Finding Hope in Springtime

Finding Hope in Springtime

Why Nowruz, the Persian New Year, is a reminder of the hope that spring can bring along with its arrival.
March 25, 2019

This last weekend, I flew back from Tokyo, where I had spent my spring break during the inaugural blossoming of Japan’s world-renowned “Sakura,” or cherry blossom trees,...

Putting Geography Education on the Map

Putting Geography Education on the Map

Why geography education could be the answer to creating a generation of more informed citizens
February 3, 2019

Back in high school, I had a substitute teacher that showed up relatively often to fill in for any history, science or math teacher. Or anyone, really, that was absent for a day...

Tech CEOs and Modern-Day Prophets

Tech CEOs and Modern-Day Prophets

Why celebrity culture amongst tech CEOs reminds us that power should not outweigh contribution.
January 28, 2019

One of the formal definitions of a prophet is a divinely inspired person — more generally, a visionary. The term prophet is traditionally associated with spirituality, divinity...

In California, My Home Is One of the Lucky Ones

In California, My Home Is One of the Lucky Ones

In the face of the twin tragedies of the wildfires raging in California, it is crucial to consider our responsibility to protect our citizens and to protect our planet when it comes to climate change.
November 19, 2018

When I landed in California over the weekend, the entire flight cabin felt slightly overcast with an ominous daze of uneasiness regarding what we would be arriving to when we reached...

A Thank You to Dr. Blasey Ford

A Thank You to Dr. Blasey Ford

Despite a disheartening decision by the U.S. government to appoint Brett Kavanaugh, the Opinion Desk would like to formally thank Dr. Blasey Ford for her unwavering stance despite the opposition.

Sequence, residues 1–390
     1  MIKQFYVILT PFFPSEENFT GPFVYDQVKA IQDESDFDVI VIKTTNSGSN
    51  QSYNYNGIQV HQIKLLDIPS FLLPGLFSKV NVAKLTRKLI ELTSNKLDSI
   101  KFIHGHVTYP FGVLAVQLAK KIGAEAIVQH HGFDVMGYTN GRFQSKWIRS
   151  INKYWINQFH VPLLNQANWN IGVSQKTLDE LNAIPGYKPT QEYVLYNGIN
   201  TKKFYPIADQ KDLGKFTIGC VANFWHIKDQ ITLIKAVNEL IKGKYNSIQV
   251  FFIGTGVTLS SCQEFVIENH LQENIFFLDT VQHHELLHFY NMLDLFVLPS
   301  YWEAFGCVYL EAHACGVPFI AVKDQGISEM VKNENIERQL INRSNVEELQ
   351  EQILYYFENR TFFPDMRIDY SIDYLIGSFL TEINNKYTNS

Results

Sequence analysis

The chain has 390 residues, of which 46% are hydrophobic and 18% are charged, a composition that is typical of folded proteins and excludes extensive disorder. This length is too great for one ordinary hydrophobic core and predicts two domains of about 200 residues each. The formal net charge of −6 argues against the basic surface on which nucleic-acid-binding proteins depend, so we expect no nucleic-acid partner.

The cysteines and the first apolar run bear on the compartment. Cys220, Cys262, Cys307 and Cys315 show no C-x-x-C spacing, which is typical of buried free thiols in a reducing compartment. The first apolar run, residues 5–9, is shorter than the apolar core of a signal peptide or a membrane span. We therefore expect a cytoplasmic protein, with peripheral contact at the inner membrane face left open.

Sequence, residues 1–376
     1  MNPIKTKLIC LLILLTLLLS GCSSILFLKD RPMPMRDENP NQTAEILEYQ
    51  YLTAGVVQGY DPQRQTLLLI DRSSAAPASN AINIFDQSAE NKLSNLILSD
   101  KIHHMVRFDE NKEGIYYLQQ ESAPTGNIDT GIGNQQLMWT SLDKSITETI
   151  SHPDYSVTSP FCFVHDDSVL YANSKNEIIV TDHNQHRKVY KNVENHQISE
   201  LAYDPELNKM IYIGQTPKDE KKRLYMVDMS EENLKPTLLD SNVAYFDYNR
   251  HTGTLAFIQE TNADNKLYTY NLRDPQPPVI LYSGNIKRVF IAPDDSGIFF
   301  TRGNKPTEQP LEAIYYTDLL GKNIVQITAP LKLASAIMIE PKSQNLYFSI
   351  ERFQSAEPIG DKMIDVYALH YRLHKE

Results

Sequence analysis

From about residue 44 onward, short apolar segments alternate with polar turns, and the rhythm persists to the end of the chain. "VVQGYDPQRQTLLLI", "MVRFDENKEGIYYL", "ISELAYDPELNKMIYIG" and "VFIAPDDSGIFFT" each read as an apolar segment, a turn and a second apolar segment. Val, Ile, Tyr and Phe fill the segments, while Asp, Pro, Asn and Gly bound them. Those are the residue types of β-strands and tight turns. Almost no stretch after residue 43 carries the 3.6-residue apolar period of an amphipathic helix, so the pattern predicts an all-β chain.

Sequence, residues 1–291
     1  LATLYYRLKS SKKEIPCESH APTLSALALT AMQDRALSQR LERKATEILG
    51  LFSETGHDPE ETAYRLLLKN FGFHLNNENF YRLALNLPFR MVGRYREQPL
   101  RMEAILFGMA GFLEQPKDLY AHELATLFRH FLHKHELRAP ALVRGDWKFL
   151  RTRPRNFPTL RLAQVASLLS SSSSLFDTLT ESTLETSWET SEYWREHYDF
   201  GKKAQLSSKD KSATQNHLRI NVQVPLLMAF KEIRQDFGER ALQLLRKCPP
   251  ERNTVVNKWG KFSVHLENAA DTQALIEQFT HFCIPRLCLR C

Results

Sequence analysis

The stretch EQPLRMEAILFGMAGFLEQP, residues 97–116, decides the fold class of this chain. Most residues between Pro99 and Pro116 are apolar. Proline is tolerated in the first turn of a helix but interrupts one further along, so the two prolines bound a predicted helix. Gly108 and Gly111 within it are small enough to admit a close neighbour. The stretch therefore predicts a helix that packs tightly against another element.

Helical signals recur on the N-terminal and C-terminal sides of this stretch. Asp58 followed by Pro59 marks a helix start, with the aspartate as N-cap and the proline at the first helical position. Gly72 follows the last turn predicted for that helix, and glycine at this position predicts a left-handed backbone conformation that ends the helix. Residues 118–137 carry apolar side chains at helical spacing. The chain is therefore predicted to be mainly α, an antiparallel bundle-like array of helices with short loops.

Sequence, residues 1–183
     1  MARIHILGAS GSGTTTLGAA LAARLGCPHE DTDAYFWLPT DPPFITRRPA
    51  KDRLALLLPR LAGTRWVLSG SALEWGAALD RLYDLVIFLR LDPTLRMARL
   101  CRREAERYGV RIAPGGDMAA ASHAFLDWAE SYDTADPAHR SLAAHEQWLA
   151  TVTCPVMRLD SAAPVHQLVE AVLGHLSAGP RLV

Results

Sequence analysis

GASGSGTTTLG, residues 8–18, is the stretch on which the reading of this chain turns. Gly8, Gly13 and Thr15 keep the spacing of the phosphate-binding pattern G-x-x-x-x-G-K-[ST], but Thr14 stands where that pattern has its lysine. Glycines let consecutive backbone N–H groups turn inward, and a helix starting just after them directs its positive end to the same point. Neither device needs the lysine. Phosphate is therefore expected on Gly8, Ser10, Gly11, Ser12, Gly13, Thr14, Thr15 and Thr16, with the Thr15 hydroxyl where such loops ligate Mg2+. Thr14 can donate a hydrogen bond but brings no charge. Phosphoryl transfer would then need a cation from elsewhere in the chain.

October 15, 2018

Dear Dr. Christine Blasey Ford, Here at the Opinion Desk, we have dedicated a significant amount of our content to your story. And in light of now Supreme Court Justice Brett...

Recognizing the Bravery of Kurdistans Women

Recognizing the Bravery of Kurdistan’s Women

October 9, 2018

  It felt startlingly pertinent when, last week, the 2018 Nobel Peace Prize was awarded to two activists who have devoted their careers to the epidemics of sexual violence...

How the Anonymous Op-Ed Should Move Us to Action

How the Anonymous Op-Ed Should Move Us to Action

September 10, 2018
An opinion writer shares her perspective on why last week's inflammatory New York Times Op-Ed from a "senior official" in the Trump White House, and former President Barack Obama's subsequent speech at the University of Illinois, should serve as energy and encouragement for young people to get out and vote this November.
Returning to New York for the First Time

Returning to New York for the First Time

September 3, 2018
A compare and contrast of returning to NYU sophomore year versus the (somewhat disorienting) experience of going through Welcome Week as a freshman.
Take the Long Walk Home

Take the Long Walk Home

August 26, 2018
An ode to the activity that underlines all our lives here at NYU: walking.